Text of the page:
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Preventing Future Burnout: How to Pick the Best High School Courses for You

This post is from a student, parent, or professional contributor. The opinions expressed by the author are their own and do not necessarily reflect the positions, viewpoints, or policies of Niche.

Students sitting at desks in a classroom. The teacher stands in front of the class with whiteboards behind him.

As the school year winds down, thinking about next year’s courses is probably the last thing on your mind.

However, being strategic in planning your classes is key to preventing an extensive amount of mental, emotional, and physical exhaustion – also known as burnout.  Avoid landing yourself in classes that will bring you – and your GPA down – with these tips.

Consider which, if any, AP Courses to take.

Advanced Placement exams, also known as AP exams, are simulated college classes in specific subjects ranging from biology to music theory. Scaled from 1-5,  earning a 3 and above on the exam at the end of the year makes students eligible to receive credit to skip an introductory class in college, saving money and time in college.

With more and more universities opting for test-optional admissions and the discontinuation of SAT subject tests after June of this year, AP exams have become the forefront of showcasing your academic strengths.

While taking an AP class allows students to dive deeper into subjects, the $95 exam registration fee is a daunting barrier for many households, especially when paired with college application and SAT fees.

All colleges carry their own individual AP credit policy; some colleges don’t accept AP scores at all, others only accept credit for certain exams, and some universities require a specific score to be eligible to skip any of their classes. 

The AP credit policy page on CollegeBoard’s official website allows you to see which colleges accept which AP exams and what score you need to use it.  

All You Need To Know About AP Exams

Check if Dual Enrollment is an option.

Not sure if AP is for you? Dual enrollment is a great alternative to AP courses as it allows you to take college classes at your local community college, and credits can transfer to various public universities in your state if you pass the class. Through dual enrollment, you’re also able to take classes that might not be available in your school, which allows you to expand your academic interests.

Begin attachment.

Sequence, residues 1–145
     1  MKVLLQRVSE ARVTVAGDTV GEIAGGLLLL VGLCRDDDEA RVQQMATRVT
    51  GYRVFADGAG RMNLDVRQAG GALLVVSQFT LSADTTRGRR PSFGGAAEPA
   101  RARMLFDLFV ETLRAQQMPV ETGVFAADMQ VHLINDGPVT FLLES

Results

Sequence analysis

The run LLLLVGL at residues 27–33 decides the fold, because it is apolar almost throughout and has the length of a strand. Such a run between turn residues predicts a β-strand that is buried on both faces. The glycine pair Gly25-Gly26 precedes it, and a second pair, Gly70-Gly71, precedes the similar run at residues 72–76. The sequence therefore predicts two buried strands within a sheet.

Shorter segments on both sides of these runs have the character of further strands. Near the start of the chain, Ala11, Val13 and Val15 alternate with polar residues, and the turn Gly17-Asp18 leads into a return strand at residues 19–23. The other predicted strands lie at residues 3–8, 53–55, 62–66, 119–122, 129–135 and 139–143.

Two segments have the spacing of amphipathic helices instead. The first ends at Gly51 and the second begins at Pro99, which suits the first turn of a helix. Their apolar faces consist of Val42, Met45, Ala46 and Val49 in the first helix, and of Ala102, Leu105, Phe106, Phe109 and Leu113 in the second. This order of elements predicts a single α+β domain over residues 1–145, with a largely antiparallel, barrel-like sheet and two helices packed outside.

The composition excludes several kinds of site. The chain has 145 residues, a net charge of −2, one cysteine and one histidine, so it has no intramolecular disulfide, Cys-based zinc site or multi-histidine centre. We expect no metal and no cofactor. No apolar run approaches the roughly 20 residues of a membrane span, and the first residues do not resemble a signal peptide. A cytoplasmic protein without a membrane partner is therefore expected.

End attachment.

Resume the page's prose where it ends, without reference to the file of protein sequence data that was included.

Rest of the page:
Dual enrollment offers a real college experience to determined high school students. Your grades in these classes will be a part of your college transcript, so only sign up for it if you’re ready to challenge yourself.

This option is not available in every school, so contact your guidance counselor and ask if your school partners with the colleges in your area!

Take courses based on YOUR interests!

Regardless if you’re signing up for an honors class, taking an AP class, or doing dual enrollment, it’s important to pick coursework that reflects your intended major and career path.

First, explore what skills you need in your interested field; does it require researching, writing, analyzing data, or working with people?

AP Seminar and Capstone will introduce you to how to conduct proper research methods and improve your writing skills. AP Psychology, Statistics, and English will also give you a strong foundation in those skills.

Second, reflect on your past experiences and previous classes you’ve taken. Ask yourself the following questions during your class selection: 

  • What classes did I truly enjoy the material being taught? (Try to avoid choosing classes because the previous teacher was fun!)
  • What class did I need the most support with? 
  • Do I have the time and willpower to pursue this topic on a higher level?

Consider speaking with the teachers of the courses you’re planning on taking to preview the material. Asking for a syllabus and course description gives you good insight about what the class requires; if it’s an AP class, visit the CollegeBoard website to see a full description of each course and an exam outline.

Knowing this information is an important step in weeding out any non-essential classes that won’t supplement your college application or resume.

Finally, write down your goals for next year. Are you going to study and take the SAT/ACT, join or start a club, run for a leadership position, get a job, or volunteer?

Consider these things before committing to harder classes if you want to make time for your extracurriculars, your classes, and yourself. This will prevent you from stretching yourself too thin. Remember to breathe and take one step at a time – you got this!

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Author: Sophia Bangura

Virtual High School '22 read, write, repeat (in that order)!